Auckland Standards Committee 4 v Anthony Bernard Joseph Morahan

 
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[2015] NZLCDT 29

NEW ZEALAND LAWYERS AND CONVEYANCERS DISCIPLINARY TRIBUNAL

CHAIR

MEMBERS OF TRIBUNAL

Judge BJ Kendall (retired)

Mr W Chapman, Ms C Rowe, and Mr W Smithand Mr I Williams

LCDT 002/15

BETWEEN
Auckland Standards Committee 4
Applicant
and
Anthony Bernard Joseph Morahan
Respondent
counsel

Mr DCS Morris for the Applicant

Ms P Main for the Respondent

Judgment on the laying of charges against a barrister relating to whether a solicitor had been instructed — the charges asserted a breach of r14.4 Lawyers and Conveyancers Act (Lawyers: Conduct and Client Care) Rules 2008 (intervention rule) — the barrister claimed there had been a reverse brief — solicitor said the client was introduced to him in an indirect fashion (they never met) but no retainer arrangement was concluded as he consistently required a letter of engagement in the form in his own form and a financial retainer for the himself and counsel before accepting an instruction from a client — the barrister asserted there was a relaxed practice of the Family Court (FC) Bar towards compliance with the Intervention Rule — whether the barrister had a genuine belief that the solicitor was instructed — if so, whether the belief was based on proper and reasonable grounds — whether an alleged “relaxed” approach by the FC Bar to the intervention rule was relevant.

RESERVED DECISION OF THE NEW ZEALAND LAWYERS AND CONVEYANCERS DISCIPLINARY TRIBUNAL CONCERNING CHARGES

Background
1

The practitioner is a barrister. He was asked to represent the client, Mr Toner, in litigation between the client and his wife in the Family Court at Waitakere.

2

The client and the solicitor, Mr Thompson, were not known to each other. However, the practitioner wished to introduce them so that the solicitor could act as his solicitor for the purposes of the instruction.

3

The solicitor says that he was never retained. The practitioner is of the opposite view. We discuss their competing evidence shortly.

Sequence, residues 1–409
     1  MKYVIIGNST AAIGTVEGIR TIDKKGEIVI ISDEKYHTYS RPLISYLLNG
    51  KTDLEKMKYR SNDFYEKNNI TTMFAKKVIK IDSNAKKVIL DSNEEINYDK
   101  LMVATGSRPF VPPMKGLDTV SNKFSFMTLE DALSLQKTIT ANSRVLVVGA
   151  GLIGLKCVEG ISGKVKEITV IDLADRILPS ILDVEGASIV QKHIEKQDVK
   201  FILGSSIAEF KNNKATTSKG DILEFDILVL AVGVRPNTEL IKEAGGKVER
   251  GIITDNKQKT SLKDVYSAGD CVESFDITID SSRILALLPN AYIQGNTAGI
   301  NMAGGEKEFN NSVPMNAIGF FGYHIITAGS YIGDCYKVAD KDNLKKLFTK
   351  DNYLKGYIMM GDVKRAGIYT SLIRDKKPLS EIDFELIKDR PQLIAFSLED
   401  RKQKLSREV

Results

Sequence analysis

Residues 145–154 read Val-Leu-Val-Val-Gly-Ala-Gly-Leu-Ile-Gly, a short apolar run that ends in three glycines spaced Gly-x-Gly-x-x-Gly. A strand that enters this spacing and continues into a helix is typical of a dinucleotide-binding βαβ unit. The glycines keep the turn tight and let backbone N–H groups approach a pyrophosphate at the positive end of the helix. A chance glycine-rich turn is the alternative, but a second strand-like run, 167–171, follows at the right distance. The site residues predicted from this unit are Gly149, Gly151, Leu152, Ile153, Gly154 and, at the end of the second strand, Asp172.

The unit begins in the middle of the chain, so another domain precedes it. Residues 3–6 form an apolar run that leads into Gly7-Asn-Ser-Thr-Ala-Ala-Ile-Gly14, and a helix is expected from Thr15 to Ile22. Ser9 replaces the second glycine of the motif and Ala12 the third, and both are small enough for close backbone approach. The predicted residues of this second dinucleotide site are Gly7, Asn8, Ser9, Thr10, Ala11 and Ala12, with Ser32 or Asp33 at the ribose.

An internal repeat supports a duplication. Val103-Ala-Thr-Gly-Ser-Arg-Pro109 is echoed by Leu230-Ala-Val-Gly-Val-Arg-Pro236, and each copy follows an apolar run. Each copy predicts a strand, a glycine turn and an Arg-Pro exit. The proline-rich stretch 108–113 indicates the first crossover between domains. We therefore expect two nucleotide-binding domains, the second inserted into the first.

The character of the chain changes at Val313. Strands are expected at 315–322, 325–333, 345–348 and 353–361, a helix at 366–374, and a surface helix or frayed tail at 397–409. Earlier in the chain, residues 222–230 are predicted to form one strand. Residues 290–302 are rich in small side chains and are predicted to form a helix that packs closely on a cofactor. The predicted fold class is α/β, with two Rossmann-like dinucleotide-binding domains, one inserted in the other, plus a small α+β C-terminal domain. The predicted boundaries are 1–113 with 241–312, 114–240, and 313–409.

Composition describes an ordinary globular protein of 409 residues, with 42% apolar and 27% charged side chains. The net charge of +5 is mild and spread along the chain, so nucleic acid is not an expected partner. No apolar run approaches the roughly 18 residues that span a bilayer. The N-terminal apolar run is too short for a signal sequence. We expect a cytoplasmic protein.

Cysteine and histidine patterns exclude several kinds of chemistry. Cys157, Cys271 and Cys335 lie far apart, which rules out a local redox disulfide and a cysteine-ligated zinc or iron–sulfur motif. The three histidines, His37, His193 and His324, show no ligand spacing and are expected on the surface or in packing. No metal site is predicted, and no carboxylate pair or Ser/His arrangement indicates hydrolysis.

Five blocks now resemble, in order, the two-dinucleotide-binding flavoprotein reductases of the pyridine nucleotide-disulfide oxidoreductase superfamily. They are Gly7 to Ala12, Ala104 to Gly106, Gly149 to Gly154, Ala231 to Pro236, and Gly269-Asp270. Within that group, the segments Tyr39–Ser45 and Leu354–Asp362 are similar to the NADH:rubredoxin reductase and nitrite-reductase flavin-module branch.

4

The practitioner filed pleadings in the Family Court showing the solicitor as instructing him. But the practitioner cited his own PO Box and email detail as the address for service (at least apparently so). 1

5

An issue arose relating to service of certain documents on the client. There was dissension between the two counsel representing the competing parties. Then, the solicitor, Mr Thompson, declined to accept service, saying that he was not the instructing solicitor.

6

A complaint was made. It was said that either the solicitor wrongly refused to accept service or the practitioner wrongly recorded on the pleadings that the solicitor had instructed him and that the practitioner acted in breach of the Intervention Rule.

The Charges
7

There was a finding by the Standards Committee that the solicitor had indeed not been properly retained. As a consequence of that finding, ten charges were laid against the practitioner. Leave was subsequently granted to withdraw charges five, six, nine and ten. There are six charges remaining.

  • (a) Charge one is an allegation of misconduct by wilfully or recklessly acting for a client without an instructing solicitor in breach of Rule 14.4 of the Lawyers and Conveyancers Act (Lawyers: Conduct and Client Care) Rules 2008 (#x201C;the Rules#X201D;). 2

  • (b) Charge three is an allegation of misconduct by misleading the Court, opposing counsel, and/or the Standards Committee, by asserting in written correspondence and Court documents that Mr Thompson was his instructing solicitor, when the practitioner was aware that Mr Thompson was not in fact his instructing solicitor, or was reckless as to whether or not Mr Thompson was his instructing solicitor.

  • (c) Charges two and four are charges laid as alternatives to charges one and three and allege unsatisfactory conduct by referring to the particulars asserted in respect of those charges. 3

  • (d) Charge seven alleges misconduct in that the practitioner used the name of Mr Thompson on Court documents without his knowledge, consent, or authority.

  • (e) Charge eight alleges in the alternative unsatisfactory conduct on the part of the practitioner and relies on the particulars set out in charge seven.

8

In essence the charges assert a breach of the Intervention Rule 4 which provides that a barrister sole must not accept instructions to act for another person who is not a barrister and solicitor holding a practising certificate.

9

It was common ground at the hearing that the essential questions with respect to all the charges (with the exception of charge numbered seven) included:

  • (a) Did Mr Thompson, as a matter of fact, participate in the litigation as the practitioner's instructing solicitor?

  • (b) If he did not, did the practitioner have a genuine belief that Mr Thompson was so instructed?

  • (c) If so, was the practitioner's belief based on proper and reasonable grounds?

10

Charge seven is an assertion of misconduct in that the solicitor's name was used on documents filed in Court without the solicitor's knowledge, consent or authority. It is not dependent upon a prior finding as to the existence of a retainer from the client and the reasonable knowledge of the practitioner. For the moment, this decision concentrates on the factual matters raised in the last paragraph.

The Evidence
11

The Tribunal received affidavit and viva voce evidence from the solicitor and the practitioner but not from Mr Toner.

12

The solicitor says:

  • (a) At material dates he recognised the obligations upon him according to the Intervention Rule. He asserted that he consistently required certain pre-conditions before accepting an instruction from a client. Those are...

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